Riyadh, Saudi Arabia — THE hem of my heavy Islamic cloak trailed over floors that glistened like ice. I walked faster, my eyes fixed on a familiar, green icon. I hadn't seen a Starbucks in months, but there it was, tucked into a corner of a fancy shopping mall in the Saudi capital. After all those bitter little cups of sludgy Arabic coffee, here at last was an improbable snippet of home — caffeinated, comforting, American.
I wandered into the shop, filling my lungs with the rich wafts of coffee. The man behind the counter gave me a bemused look; his eyes flickered. I asked for a latte. He shrugged, the milk steamer whined, and he handed over the brimming paper cup. I turned my back on his uneasy face.
Crossing the cafe, I felt the hard stares of Saudi men. A few of them stopped talking as I walked by and watched me pass. Them, too, I ignored. Finally, coffee in hand, I sank into the sumptuous lap of an overstuffed armchair.
"Excuse me," hissed the voice in my ear. "You can't sit here." The man from the counter had appeared at my elbow. He was glaring.
"Excuse me?" I blinked a few times.
"Emmm," he drew his discomfort into a long syllable, his brows knitted. "You cannot stay here."
"What? Uh why?"
Then he said it: "Men only."
He didn't tell me what I would learn later: Starbucks had another, unmarked door around back that led to a smaller espresso bar, and a handful of tables smothered by curtains. That was the "family" section. As a woman, that's where I belonged. I had no right to mix with male customers or sit in plain view of passing shoppers. Like the segregated South of a bygone United States, today's Saudi Arabia shunts half the population into separate, inferior and usually invisible spaces.
At that moment, there was only one thing to do. I stood up. From the depths of armchairs, men in their white robes and red-checked kaffiyehs stared impassively over their mugs. I felt blood rushing to my face. I dropped my eyes, and immediately wished I hadn't. Snatching up the skirts of my robe to keep from stumbling, I walked out of the store and into the clatter of the shopping mall.
THAT was nearly four years ago, a lesson learned on one of my first trips to the kingdom. Until that day, I thought I knew what I was doing: I'd heard about Saudi Arabia, that the sexes are wholly segregated. From museums to university campuses to restaurants, the genders live corralled existences. One young, hip, U.S.-educated Saudi friend told me that he arranges to meet his female friends in other Arab cities. It's easier to fly to Damascus or Dubai, he shrugged, than to chill out coeducationally at home.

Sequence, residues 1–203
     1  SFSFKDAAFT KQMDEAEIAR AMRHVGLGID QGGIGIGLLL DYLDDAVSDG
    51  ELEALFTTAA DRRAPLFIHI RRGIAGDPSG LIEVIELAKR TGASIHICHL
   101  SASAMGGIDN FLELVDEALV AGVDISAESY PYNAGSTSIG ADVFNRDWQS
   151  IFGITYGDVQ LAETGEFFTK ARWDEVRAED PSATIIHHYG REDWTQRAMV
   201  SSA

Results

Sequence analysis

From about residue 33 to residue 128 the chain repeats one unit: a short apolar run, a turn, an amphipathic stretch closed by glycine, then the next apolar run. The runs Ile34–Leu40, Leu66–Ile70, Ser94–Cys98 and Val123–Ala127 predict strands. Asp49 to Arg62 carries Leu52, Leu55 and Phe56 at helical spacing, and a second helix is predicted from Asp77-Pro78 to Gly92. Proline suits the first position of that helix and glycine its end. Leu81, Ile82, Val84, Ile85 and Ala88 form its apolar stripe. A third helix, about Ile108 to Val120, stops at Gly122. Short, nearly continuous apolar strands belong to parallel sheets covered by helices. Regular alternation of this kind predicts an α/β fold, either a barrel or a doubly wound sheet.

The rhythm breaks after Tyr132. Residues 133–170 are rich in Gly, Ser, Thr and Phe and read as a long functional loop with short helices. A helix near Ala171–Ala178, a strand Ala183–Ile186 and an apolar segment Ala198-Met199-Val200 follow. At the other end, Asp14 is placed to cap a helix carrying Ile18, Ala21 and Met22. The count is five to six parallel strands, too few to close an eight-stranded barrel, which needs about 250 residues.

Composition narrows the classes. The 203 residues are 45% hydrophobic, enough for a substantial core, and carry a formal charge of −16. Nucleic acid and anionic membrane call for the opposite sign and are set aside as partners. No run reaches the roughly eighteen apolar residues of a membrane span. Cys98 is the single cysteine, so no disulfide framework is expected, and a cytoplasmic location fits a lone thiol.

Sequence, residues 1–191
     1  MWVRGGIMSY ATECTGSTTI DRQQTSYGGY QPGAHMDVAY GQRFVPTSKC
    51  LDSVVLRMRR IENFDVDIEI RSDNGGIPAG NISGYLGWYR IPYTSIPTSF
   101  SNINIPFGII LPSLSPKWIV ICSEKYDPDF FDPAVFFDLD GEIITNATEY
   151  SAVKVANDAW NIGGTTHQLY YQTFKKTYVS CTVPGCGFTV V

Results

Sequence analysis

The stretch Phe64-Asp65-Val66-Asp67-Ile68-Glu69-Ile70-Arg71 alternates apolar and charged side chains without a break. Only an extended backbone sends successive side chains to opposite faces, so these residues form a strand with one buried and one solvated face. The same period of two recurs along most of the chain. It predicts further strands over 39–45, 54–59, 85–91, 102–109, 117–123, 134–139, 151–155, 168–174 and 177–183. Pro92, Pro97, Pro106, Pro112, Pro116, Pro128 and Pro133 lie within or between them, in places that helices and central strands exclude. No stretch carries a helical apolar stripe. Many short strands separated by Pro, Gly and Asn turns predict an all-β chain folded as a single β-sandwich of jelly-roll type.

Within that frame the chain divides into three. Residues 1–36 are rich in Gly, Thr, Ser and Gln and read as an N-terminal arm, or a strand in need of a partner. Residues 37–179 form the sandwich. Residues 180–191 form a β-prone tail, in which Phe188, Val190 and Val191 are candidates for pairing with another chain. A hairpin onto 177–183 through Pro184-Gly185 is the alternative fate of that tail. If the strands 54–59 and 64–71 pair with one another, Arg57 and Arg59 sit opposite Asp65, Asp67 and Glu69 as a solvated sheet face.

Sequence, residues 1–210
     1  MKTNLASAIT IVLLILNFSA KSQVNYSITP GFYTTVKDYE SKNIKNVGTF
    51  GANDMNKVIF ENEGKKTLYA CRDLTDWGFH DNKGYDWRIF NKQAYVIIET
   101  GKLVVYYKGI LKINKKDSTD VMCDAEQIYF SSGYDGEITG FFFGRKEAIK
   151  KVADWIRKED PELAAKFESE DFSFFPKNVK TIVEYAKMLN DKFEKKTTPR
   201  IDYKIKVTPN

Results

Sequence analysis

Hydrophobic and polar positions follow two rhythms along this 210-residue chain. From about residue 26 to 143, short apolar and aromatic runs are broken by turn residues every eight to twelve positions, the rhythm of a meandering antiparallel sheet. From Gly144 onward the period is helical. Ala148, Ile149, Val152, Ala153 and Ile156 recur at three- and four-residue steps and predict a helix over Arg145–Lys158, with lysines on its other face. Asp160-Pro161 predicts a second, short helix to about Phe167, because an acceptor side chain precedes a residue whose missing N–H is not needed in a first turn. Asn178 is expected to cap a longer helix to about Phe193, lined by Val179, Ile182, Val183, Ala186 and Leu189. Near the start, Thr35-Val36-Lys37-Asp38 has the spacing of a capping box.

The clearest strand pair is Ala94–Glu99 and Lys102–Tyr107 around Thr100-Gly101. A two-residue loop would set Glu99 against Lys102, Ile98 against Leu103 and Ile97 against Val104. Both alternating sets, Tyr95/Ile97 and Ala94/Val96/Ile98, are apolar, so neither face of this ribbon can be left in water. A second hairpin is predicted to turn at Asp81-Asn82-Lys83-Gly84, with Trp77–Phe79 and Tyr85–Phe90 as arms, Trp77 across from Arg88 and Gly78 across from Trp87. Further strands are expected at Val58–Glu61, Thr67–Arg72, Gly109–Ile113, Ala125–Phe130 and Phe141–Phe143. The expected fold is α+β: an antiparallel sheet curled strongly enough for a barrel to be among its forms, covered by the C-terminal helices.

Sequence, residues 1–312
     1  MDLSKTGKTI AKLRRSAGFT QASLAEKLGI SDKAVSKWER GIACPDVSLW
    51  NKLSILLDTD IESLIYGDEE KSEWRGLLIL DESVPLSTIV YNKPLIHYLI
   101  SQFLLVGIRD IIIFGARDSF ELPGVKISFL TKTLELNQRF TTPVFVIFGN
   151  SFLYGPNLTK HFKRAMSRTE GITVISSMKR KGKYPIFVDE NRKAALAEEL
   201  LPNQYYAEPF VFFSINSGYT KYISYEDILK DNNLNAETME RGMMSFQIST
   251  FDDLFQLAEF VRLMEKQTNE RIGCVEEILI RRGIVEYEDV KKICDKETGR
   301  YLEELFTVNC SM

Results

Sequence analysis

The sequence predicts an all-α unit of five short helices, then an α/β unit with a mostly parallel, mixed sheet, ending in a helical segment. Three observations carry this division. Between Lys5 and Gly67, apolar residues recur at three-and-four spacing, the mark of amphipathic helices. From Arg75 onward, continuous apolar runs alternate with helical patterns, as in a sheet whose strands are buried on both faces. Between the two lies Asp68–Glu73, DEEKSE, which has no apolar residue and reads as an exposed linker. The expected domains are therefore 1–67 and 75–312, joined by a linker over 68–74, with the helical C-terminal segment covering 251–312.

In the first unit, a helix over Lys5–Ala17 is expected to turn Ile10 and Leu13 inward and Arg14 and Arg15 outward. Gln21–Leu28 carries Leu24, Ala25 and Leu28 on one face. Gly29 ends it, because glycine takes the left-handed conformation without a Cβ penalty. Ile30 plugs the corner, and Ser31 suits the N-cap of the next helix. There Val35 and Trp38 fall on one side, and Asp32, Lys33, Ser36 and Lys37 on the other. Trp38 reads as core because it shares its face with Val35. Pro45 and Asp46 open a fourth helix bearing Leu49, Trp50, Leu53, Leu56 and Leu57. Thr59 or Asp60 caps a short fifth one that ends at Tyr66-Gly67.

I was ready to cope, or so I thought. I arrived with a protective smirk in tow, planning to thicken the walls around myself. I'd report a few stories, and go home. I had no inkling that Saudi Arabia, the experience of being a woman there, would stick to me, follow me home on the plane and shadow me through my days, tainting the way I perceived men and women everywhere.
I'm leaving the Middle East now, closing up years spent covering the fighting and fallout that have swept the region since Sept. 11. Of all the strange, scary and joyful experiences of the past years, my time covering Saudi Arabia remains among the most jarring.
I spent my days in Saudi Arabia struggling unhappily between a lifetime of being taught to respect foreign cultures and the realization that this culture judged me a lesser being. I tried to draw parallels: If I went to South Africa during apartheid, would I feel compelled to be polite?
I would find that I still saw scraps of Saudi Arabia everywhere I went. Back home in Cairo, the usual cacophony of whistles and lewd coos on the streets sent me into blind rage. I slammed doors in the faces of deliverymen; cursed at Egyptian soldiers in a language they didn't speak; kept a resentful mental tally of the Western men, especially fellow reporters, who seemed to condone, even relish, the relegation of women in the Arab world.
In the West, there's a tendency to treat Saudi Arabia as a remote land, utterly removed from our lives. But it's not very far from us, nor are we as different as we might like to think. Saudi Arabia is a center of ideas and commerce, an important ally to the United States, the heartland of a major world religion. It is a highly industrialized, ultramodern home to expatriates from all over the world, including Americans who live in lush gated compounds with swimming pools, drink illegal glasses of bathtub gin and speak glowingly of the glorious desert and the famous hospitality of Saudis.